The major function ascribed to tau is that of microtubule binding, where it has been demonstrated to stabilize microtubules and hasten their assembly [20,55]. There are six isoforms of tau in the adult brain that are predominantly localized to axons, and these arise through the alternative splicing of exons 2, 3 and 10 [6,28]. Within the tau sequence are four carboxyl-terminal tandem repeat sequences that encode the microtubule-binding domains, and one of these resides in alternatively-spliced exon 10 such that tau isoforms with both three (3-R) and four (4-R) microtubule-binding repeats exist in the adult CNS. There is evidence that 4-R tau binds with greater avidity to microtubules than does 3-R tau [49], and the ratio of these 3-R and 4-R tau isoforms, which is ~1:1 in the adult human brain, may therefore affect microtubule function.

Tau has a large number of potential phosphorylation sites, and ~30 of these appear to be phosphorylated in adult brain [17]. There is a profound hyperphosphorylation of tau in neurodegenerative tauopathies [9,10], and this has been shown to decrease tau interaction with microtubules [14,16,20]. Accordingly, one of the possible consequences of tau hyperphosphorylation is a destabilization of microtubules that results in impaired axonal function, and a number of studies have provided evidence of this. For example, isolated hyperphosphorylated tau from AD brain was shown to be a poor promoter of microtubule polymerization, but normal polymerization could be restored upon treatment with phosphatase [3,16]. Subsequent studies revealed that hyperphosphorylated tau could sequester normal tau that was bound to assembled microtubules, resulting in microtubule depolymerization [1]. Furthermore, increasing the degree of tau phosphorylation in cell-based models, either through inhibition of protein phosphatase activity [45] or by co-transfection with glycogen synthase kinase (GSK)-3β [56], resulted in an alteration of microtubule function. Besides affecting microtubules, an increase of highly phosphorylated tau could result in enhanced tau aggregation and this has been demonstrated with hyperphosphorylated tau [1], although phosphorylation at only some of the known sites seems to result in increased fibrillization [48]. It should be noted that recombinant non-phosphorylated tau is fibrillization competent, albeit requiring the presence of negatively charged co-factors [40]. While increased tau phosphorylation may lead to enhanced aggregation, this would likely be secondary to effects on microtubule dynamics as it has been demonstrated that pseudophosphorylated forms of tau can induce cellular toxicity without signs of fibril formation [22]. These data thus provide evidence that pre-fibrillar, hyperphosphorylated tau may be cytotoxic.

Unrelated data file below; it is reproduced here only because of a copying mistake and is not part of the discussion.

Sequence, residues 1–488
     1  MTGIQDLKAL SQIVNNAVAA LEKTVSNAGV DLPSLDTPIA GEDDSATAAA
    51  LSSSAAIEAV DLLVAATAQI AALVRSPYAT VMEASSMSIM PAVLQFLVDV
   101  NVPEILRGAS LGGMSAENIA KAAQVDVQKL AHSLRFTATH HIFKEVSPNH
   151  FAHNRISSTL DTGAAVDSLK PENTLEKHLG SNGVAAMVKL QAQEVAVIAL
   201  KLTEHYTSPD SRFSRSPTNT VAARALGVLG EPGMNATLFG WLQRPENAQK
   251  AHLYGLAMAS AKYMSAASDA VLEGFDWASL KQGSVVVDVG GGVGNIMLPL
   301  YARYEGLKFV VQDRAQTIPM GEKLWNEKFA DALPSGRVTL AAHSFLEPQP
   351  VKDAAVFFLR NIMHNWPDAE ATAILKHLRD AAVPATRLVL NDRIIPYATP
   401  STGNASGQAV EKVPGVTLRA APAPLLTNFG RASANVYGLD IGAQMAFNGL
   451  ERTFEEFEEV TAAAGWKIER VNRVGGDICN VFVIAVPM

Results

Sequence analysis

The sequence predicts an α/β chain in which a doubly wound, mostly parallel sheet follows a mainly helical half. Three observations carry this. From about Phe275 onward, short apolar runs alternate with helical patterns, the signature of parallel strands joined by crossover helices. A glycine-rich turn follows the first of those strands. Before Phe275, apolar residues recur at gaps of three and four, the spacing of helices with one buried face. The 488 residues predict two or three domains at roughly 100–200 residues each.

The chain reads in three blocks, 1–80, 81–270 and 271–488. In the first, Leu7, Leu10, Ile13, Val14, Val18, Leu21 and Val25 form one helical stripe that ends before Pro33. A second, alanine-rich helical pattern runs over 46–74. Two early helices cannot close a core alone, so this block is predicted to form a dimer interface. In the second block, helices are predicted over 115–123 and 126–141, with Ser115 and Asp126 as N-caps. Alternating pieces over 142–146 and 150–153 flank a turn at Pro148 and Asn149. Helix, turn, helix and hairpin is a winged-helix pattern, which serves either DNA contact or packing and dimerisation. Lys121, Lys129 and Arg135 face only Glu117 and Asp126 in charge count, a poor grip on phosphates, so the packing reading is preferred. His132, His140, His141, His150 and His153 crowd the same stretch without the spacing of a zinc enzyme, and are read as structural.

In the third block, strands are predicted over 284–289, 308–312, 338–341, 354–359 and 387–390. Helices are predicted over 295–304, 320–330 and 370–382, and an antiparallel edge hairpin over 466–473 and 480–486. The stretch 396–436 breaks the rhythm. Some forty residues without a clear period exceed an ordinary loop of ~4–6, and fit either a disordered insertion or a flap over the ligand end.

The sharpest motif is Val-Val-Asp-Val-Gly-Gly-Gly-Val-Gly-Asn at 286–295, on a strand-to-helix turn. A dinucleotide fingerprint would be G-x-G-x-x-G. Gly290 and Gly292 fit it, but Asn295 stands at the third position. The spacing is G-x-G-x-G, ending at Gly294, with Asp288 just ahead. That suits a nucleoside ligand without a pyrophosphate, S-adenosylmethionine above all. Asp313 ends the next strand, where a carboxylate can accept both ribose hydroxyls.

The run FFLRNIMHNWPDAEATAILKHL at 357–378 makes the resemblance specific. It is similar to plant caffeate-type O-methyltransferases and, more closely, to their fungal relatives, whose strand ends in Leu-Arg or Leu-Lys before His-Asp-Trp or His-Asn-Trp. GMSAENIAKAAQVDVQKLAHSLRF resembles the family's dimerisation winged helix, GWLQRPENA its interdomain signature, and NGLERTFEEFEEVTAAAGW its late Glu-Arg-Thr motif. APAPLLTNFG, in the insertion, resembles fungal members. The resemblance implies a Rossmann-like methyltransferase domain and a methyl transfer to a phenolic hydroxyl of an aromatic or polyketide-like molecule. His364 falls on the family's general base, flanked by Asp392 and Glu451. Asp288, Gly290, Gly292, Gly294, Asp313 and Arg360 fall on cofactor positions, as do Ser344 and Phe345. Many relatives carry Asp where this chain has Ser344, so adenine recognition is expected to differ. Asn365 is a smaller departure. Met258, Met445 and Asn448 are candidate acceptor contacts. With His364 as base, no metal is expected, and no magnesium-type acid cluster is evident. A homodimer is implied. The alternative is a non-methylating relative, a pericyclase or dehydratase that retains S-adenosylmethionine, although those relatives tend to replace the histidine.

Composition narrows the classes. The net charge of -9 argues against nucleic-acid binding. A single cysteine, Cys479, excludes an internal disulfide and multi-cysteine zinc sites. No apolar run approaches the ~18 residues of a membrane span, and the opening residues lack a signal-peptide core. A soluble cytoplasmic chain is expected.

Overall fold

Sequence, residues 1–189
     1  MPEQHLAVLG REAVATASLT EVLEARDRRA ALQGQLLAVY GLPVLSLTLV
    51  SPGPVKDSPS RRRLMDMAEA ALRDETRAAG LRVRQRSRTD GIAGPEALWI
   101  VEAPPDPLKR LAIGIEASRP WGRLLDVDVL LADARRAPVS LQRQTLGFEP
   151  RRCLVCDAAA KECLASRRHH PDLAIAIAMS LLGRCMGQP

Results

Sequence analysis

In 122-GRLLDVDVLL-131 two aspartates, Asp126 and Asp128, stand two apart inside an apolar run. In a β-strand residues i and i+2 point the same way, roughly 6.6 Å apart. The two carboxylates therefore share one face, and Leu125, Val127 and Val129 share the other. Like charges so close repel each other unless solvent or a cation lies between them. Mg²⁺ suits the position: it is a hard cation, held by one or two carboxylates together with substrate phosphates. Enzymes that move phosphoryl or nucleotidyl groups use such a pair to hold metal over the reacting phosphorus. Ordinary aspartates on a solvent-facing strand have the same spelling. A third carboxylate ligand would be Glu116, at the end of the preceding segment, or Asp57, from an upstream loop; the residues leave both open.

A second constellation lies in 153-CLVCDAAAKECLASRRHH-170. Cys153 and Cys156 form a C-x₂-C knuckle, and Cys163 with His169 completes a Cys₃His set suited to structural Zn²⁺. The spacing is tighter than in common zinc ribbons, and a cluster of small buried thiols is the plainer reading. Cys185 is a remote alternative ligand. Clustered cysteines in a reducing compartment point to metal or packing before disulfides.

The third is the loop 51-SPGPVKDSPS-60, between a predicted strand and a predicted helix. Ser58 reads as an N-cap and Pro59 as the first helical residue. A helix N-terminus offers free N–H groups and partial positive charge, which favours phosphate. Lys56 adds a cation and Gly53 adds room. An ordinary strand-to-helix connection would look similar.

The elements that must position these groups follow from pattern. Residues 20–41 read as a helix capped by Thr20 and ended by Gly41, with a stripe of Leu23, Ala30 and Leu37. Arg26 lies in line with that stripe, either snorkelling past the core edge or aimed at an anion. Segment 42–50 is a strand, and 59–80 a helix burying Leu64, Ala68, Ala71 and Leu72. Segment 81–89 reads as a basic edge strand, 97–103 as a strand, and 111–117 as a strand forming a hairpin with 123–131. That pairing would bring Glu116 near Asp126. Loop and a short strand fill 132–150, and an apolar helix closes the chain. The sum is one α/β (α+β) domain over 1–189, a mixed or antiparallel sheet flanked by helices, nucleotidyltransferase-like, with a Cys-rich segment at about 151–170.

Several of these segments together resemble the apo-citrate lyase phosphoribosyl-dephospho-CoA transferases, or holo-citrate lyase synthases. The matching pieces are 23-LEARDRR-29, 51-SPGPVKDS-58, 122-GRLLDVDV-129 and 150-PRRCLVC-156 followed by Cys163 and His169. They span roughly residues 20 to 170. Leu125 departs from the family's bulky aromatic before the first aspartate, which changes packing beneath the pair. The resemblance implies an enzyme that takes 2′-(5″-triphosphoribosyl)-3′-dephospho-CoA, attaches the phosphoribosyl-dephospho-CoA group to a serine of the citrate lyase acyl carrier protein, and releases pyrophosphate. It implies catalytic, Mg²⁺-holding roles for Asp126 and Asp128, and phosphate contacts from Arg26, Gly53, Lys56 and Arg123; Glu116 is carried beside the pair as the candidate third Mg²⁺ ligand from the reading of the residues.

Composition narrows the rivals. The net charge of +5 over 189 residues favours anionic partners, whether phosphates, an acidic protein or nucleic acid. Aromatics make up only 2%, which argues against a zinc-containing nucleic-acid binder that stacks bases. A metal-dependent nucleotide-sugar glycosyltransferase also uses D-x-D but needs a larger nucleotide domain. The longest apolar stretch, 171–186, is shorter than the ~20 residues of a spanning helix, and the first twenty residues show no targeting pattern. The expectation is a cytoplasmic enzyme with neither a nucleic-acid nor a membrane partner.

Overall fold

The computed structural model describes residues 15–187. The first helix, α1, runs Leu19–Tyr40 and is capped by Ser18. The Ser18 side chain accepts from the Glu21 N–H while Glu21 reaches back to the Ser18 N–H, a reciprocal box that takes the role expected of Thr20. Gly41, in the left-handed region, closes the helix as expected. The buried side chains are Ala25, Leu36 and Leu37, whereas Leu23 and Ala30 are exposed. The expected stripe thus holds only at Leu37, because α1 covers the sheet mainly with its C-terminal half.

The effects of FTDP-17 mutations on tau function have been extensively studied. These mutations can be grouped into two general categories; those that are intronic and affect the splicing of exon 10 (and its corresponding microtubule-binding domain), and those that alter the protein sequence. The former group comprises approximately 50% of the tau mutations and the primary effect seems to be an increase in the 4-R/3-R tau ratio [26,27,40]. Since 4-R tau binds to microtubules more effectively than 3-R tau [49], one possible result of the exon 10 splicing mutations is an increased microtubule stabilization that might alter normal polymerization/depolymerization dynamics. FTDP-17 cases with exon 10 splicing mutations show only 4-R tau within brain inclusions [52], suggesting that perhaps another effect of an elevated 4-R/3-R ratio is increased fibrillization of 4-R tau. Nearly all FTDP-17 mutations that affect protein sequence are found within or near one of the microtubule-binding domains, and most cause an increased propensity of tau to aggregate [13,24,47] and a decreased ability to promote microtubule assembly [19,32,33]. The impaired capacity of mutated tau isoforms to enhance microtubule formation may be further exacerbated by elevated levels of phosphorylation, as it appears that many FTDP-17 tau mutations cause the protein to be a better kinase substrate than normal tau [2].

Tau Transgenic Mouse Models